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              Outdoor Air Pollution, Preterm Birth, and Low Birth Weight: Analysis of the World Health Organization Global Survey on Maternal and Perinatal Health

              Background: Inhaling fine particles (particulate matter with diameter ≤ 2.5 μm; PM2.5) can induce oxidative stress and inflammation, and may contribute to onset of preterm labor and other adverse perinatal outcomes. Objectives: We examined whether outdoor PM2.5 was associated with adverse birth outcomes among 22 countries in the World Health Organization Global Survey on Maternal and Perinatal Health from 2004 through 2008. Methods: Long-term average (2001–2006) estimates of outdoor PM2.5 were assigned to 50-km–radius circular buffers around each health clinic where births occurred. We used generalized estimating equations to determine associations between clinic-level PM2.5 levels and preterm birth and low birth weight at the individual level, adjusting for seasonality and potential confounders at individual, clinic, and country levels. Country-specific associations were also investigated. Results: Across all countries, adjusting for seasonality, PM2.5 was not associated with preterm birth, but was associated with low birth weight [odds ratio (OR) = 1.22; 95% CI: 1.07, 1.39 for fourth quartile of PM2.5 (> 20.2 μg/m3) compared with the first quartile (< 6.3 μg/m3)]. In China, the country with the largest PM2.5 range, preterm birth and low birth weight both were associated with the highest quartile of PM2.5 only, which suggests a possible threshold effect (OR = 2.54; CI: 1.42, 4.55 and OR = 1.99; CI: 1.06, 3.72 for preterm birth and low birth weight, respectively, for PM2.5 ≥ 36.5 μg/m3 compared with PM2.5 < 12.5 μg/m3). Conclusions: Outdoor PM2.5 concentrations were associated with low birth weight but not preterm birth. In rapidly developing countries, such as China, the highest levels of air pollution may be of concern for both outcomes. Citation: Fleischer NL, Merialdi M, van Donkelaar A, Vadillo-Ortega F, Martin RV, Betran AP, Souza JP, O´Neill MS. 2014. Outdoor air pollution, preterm birth, and low birth weight: analysis of the World Health Organization Global Survey on Maternal and Perinatal Health. Environ Health Perspect 122:425–430; http://dx.doi.org/10.1289/ehp.1306837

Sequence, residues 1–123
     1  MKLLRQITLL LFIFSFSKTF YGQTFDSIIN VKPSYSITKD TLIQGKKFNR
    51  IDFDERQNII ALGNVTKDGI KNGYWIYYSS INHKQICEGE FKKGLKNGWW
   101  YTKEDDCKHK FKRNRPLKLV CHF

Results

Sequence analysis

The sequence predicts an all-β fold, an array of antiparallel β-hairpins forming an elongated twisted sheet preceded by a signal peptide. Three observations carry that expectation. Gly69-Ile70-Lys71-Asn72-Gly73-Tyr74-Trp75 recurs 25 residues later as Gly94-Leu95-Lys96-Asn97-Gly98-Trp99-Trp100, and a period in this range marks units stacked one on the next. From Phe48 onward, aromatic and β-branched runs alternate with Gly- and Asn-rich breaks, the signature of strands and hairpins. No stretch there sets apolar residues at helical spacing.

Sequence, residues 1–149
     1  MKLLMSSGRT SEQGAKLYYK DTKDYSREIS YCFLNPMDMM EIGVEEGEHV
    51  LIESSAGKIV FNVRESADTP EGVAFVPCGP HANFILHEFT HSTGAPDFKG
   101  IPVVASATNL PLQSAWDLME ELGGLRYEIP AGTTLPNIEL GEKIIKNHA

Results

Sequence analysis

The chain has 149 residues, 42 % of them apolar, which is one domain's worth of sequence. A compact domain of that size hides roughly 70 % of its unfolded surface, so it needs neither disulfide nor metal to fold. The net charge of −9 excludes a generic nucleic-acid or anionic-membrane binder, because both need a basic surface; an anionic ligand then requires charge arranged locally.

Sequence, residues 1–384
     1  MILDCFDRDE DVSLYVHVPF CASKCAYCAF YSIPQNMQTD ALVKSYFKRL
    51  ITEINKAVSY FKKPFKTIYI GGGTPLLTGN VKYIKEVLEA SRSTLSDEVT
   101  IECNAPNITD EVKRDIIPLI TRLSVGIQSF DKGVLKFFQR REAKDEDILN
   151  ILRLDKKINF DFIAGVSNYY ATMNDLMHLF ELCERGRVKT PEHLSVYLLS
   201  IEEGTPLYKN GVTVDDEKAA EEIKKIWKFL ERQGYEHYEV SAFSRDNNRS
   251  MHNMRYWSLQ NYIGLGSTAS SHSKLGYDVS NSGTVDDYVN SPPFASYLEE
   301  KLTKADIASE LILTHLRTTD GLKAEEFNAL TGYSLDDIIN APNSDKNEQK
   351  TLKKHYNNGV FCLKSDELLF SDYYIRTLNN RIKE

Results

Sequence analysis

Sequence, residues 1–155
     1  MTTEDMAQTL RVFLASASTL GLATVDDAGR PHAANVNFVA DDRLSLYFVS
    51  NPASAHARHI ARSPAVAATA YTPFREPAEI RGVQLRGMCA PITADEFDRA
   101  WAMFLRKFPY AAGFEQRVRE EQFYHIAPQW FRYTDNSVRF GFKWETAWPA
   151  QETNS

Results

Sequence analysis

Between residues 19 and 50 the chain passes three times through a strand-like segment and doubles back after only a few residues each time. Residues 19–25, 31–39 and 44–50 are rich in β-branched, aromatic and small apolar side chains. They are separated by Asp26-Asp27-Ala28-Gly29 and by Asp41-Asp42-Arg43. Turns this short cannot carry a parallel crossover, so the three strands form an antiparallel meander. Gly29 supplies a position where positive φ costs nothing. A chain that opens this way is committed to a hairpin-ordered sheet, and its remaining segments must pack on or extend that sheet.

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                Author and article information

                Contributors
                Role: Academic Editor
                Role: Academic Editor
                Journal
                Toxics
                Toxics
                toxics
                Toxics
                MDPI
                2305-6304
                13 July 2016
                September 2016
                : 4
                : 3
                Affiliations
                [1 ]African Population and Health Research Center (APHRC), P.O. Box 10787-00100 Nairobi, Kenya; ekimani@ 123456aphrc.org
                [2 ]Epidemiology and Global Health Unit, Department of Public Health and Clinical Medicine, Faculty of Medicine, Umeå University, Umeå SE-901 87, Sweden; joacim.rocklov@ 123456umu.se (J.R.); nawi.ng@ 123456umu.se (N.N.)
                [3 ]Drugs for Neglected Diseases Initiative, P.O. Box 21936-00505 Nairobi, Kenya; tegondi@ 123456gmail.com
                Author notes
                [* ]Correspondence: kmuindi@ 123456aphrc.org ; Tel.: +254-20-400-1000
                Article
                toxics-04-00012
                10.3390/toxics4030012
                5606663
                249f0452-f290-425d-9483-948d44746002
                © 2016 by the authors.

                Licensee MDPI, Basel, Switzerland. This article is an open access article distributed under the terms and conditions of the Creative Commons Attribution (CC-BY) license ( http://creativecommons.org/licenses/by/4.0/).

                Categories
                Article

                household air pollution,cookstoves,pm2.5,slums,nairobi
                household air pollution, cookstoves, pm2.5, slums, nairobi